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The Chipotle Principle

I am a diehard Chipotle fan. In my opinion, there are few meals better than a Chipotle bowl with brown rice, black beans, veggies, chipotle chicken, mild salsa, corn, cheese, and guacamole...and more guacamole...and maybe just a little more guacamole. And virtually every time I have my bowl prepared in front of me at the restaurant, I come away from the counter with an enviable mound of food and, yes, a glob of guacamole fit for the avocado gods themselves. Yet, whenever I order the same bowl using the Chipotle app and pick it up at the restaurant, I am almost always disappointed not only with the amount of food in the very bottom of the container...way down in there...but also with the 1/16 ounce of mashed avocado that sits perched like a lone cherry on top of three slivers of grated cheese, the resulting anti-mound of food satisfying only those like my late 88-year-old grandmother who ate little more than the equivalent of one jar of Gerber peas and carrots in any one sitting. Consequently, the dichotomy between my in-restaurant and take-out experiences at Chipotle couldn't be starker.

So, what's going on or not going on here? Well, I believe the answer is quite obvious: accountability. When I'm in the restaurant, peering over the fingerprinted backsplash that Chipotle calls a sneeze guard, the server no doubt feels the pressure to satisfy the customer (i.e., me) and, thus, overloads the bowl. Plus, I often don't hesitate to say, "A little more, please." But in the take-out experience, the server has no one to hold him accountable. An under-ladle of chicken here, a smattering of cheese there, or God forbid, a paltry scoop of guacamole, and who's going to know, right? I mean, the customer will be 20 minutes from the restaurant before she discovers the shortage. And, let's be real, few of us are going to return to complain. So, the affront just happens...again and again and again and soon becomes "just the way it is."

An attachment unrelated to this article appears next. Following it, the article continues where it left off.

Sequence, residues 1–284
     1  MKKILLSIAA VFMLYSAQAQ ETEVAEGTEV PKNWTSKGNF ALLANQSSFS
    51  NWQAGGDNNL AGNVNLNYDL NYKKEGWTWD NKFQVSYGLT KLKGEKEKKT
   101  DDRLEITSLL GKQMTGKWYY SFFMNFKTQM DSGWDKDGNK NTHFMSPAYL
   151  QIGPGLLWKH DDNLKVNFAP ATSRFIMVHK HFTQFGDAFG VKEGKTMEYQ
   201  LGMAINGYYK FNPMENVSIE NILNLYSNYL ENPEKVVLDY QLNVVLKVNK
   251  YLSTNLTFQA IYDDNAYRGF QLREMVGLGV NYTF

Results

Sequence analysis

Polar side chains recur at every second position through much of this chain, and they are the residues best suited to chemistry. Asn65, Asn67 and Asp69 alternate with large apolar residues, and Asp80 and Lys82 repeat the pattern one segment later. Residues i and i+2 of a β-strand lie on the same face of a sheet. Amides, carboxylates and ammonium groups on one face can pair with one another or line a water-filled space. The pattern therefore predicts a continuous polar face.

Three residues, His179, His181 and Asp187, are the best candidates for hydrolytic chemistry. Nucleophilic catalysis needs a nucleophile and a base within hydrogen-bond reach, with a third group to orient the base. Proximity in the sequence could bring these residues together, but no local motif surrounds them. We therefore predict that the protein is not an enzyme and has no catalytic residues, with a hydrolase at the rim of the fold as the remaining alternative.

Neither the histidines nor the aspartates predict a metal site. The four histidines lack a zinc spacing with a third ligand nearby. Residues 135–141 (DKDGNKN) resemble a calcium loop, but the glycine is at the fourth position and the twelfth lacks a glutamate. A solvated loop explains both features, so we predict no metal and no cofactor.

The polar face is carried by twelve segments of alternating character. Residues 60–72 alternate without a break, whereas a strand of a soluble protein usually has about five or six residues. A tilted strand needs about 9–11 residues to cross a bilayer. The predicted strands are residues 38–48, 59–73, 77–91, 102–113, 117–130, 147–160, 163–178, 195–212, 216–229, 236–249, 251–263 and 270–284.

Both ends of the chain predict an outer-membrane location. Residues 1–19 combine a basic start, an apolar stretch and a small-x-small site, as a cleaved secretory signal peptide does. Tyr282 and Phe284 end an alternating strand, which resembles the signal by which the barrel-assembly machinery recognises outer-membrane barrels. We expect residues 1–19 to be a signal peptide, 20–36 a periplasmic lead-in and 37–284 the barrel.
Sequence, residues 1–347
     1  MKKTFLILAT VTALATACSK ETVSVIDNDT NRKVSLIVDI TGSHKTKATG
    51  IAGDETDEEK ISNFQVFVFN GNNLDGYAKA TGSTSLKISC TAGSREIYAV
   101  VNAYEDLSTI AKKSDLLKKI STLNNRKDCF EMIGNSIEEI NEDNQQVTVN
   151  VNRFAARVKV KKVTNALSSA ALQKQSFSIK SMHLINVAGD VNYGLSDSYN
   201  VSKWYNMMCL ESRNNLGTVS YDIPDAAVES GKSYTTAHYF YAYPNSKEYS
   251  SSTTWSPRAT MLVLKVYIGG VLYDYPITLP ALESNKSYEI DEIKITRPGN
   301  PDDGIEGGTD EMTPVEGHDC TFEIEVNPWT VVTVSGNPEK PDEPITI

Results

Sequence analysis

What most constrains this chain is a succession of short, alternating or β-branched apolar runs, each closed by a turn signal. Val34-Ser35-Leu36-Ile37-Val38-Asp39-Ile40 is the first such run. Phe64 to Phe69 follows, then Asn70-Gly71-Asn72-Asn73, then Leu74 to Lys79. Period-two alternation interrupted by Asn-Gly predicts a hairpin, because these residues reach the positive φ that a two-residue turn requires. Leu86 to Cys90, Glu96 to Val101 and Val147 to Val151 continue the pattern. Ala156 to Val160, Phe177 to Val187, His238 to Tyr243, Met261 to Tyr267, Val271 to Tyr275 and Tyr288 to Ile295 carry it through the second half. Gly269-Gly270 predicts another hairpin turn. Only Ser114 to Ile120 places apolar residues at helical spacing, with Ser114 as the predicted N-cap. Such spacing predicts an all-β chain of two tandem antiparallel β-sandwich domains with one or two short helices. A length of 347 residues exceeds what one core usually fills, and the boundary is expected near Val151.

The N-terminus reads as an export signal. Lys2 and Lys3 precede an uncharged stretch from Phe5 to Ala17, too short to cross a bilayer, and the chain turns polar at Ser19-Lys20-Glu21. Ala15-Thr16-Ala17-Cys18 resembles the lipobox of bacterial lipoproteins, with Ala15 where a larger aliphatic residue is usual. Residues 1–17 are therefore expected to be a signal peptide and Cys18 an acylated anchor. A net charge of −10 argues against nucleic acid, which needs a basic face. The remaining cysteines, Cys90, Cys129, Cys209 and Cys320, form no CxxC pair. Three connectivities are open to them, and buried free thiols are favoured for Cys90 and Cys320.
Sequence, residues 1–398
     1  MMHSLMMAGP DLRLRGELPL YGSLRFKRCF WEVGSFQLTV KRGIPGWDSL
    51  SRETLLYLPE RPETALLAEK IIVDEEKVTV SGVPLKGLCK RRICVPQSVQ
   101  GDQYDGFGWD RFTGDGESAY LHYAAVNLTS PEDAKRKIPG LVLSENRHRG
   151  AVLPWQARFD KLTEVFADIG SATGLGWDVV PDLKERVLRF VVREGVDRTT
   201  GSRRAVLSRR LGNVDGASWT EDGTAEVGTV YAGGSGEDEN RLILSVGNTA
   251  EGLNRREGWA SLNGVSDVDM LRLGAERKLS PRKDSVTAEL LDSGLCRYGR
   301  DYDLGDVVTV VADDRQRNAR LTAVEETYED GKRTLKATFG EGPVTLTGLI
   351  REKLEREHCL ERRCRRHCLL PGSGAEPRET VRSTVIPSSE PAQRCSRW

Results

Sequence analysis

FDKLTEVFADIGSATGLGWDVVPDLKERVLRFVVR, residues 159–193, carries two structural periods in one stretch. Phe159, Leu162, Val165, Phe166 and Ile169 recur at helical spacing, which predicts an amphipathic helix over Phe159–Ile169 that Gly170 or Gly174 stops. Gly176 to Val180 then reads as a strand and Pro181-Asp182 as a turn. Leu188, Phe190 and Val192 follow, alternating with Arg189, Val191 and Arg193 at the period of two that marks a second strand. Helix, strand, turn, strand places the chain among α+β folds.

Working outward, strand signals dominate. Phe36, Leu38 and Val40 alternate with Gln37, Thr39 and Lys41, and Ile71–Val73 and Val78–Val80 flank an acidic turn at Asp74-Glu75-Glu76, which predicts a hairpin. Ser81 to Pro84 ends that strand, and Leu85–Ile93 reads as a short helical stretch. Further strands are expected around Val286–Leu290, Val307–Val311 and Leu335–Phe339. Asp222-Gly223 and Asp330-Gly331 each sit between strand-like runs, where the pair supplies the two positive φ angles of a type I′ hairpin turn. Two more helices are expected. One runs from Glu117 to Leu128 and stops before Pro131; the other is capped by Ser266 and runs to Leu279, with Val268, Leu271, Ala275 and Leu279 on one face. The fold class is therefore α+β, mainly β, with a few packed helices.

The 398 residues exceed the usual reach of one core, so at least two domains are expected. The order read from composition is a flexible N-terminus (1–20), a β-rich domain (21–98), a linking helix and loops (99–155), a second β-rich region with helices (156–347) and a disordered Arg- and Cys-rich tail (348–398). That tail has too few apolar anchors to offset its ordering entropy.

Unfortunately, this contrast between in-person and "online" experience extends to more than the food-service industry. Indeed, in higher education, interpersonal communication (read: face-to-face conversation vs. social media), and retail sales, the same thing too often happens; that is, when people are interacting vis-a-vis, there is much more personal accountability than when they are operating through some medium that provides both temporal and virtual distance. The result is typically two vastly different outcomes, one that is satisfying and one that is less so. Naturally, this is not categorical, but I have little doubt my readers can think of numerous supporting examples such as the loudmouth social media instigator who seems so nice in person, the online retail distributor who is quick to deny one's service claim whilst the in-store representatives are always so accommodating, or the distance-learning professor who would never get away with only a single weekly communications exchange with his students in a residential setting. Although it doesn't have to be so, online modalities are plagued by this "Chipotle Principle": the notion that without strict safeguards of accountability, virtual experiences can quickly devolve into substandard, unfulfilling consumer experiences that create apparent or real differences between the in-person "haves" and the virtual "have nots." And in a world that is increasingly going the way of remote technology, the problem becomes more pronounced every day.

Yet, lest I leave you on a note of despair, I don't believe we must needs resign ourselves to defeat. We are under no compulsion to embrace as truth the actual vs. virtual dichotomy and, thus, license inferior performance in one modality as compared to the other. We can establish controls that eschew systemic inadequacies in every realm of business, education, and other venue. Indeed, organizational leaders and customers should demand excellence at all times and object when such excellence is wanting. To do otherwise is merely to give up and give accept mediocrity in a world moving quickly toward virtual virtuality. That is to say, given where remote technologies are taking us, if we don't arrest our descent from accountability now, then we are destined for a very dark age ahead where the things that bring fullness to the human experience will become merely cultural lore and where the things that once brought chipotle-like spice and zest to life will become only lukewarm and bland remnants of a bygone era.

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